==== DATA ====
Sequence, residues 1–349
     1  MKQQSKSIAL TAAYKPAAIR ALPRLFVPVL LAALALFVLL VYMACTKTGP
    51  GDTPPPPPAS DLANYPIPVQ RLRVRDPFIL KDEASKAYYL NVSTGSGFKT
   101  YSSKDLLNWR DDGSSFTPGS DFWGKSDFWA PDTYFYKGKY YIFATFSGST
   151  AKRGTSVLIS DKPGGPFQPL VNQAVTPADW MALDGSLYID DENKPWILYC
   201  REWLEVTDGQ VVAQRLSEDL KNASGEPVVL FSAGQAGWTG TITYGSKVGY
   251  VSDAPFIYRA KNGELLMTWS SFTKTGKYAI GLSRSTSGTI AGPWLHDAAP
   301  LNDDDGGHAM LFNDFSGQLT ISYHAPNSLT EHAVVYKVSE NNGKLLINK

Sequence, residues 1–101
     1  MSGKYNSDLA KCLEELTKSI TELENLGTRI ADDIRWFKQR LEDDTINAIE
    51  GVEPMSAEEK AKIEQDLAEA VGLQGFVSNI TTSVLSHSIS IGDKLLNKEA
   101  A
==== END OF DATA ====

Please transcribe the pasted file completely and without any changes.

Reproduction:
Sequence, residues 1–349
     1  MKQQSKSIAL TAAYKPAAIR ALPRLFVPVL LAALALFVLL VYMACTKTGP
    51  GDTPPPPPAS DLANYPIPVQ RLRVRDPFIL KDEASKAYYL NVSTGSGFKT
   101  YSSKDLLNWR DDGSSFTPGS DFWGKSDFWA PDTYFYKGKY YIFATFSGST
   151  AKRGTSVLIS DKPGGPFQPL VNQAVTPADW MALDGSLYID DENKPWILYC
   201  REWLEVTDGQ VVAQRLSEDL KNASGEPVVL FSAGQAGWTG TITYGSKVGY
   251  VSDAPFIYRA KNGELLMTWS SFTKTGKYAI GLSRSTSGTI AGPWLHDAAP
   301  LNDDDGGHAM LFNDFSGQLT ISYHAPNSLT EHAVVYKVSE NNGKLLINK

Sequence, residues 1–101
     1  MSGKYNSDLA KCLEELTKSI TELENLGTRI ADDIRWFKQR LEDDTINAIE
    51  GVEPMSAEEK AKIEQDLAEA VGLQGFVSNI TTSVLSHSIS IGDKLLNKEA
   101  A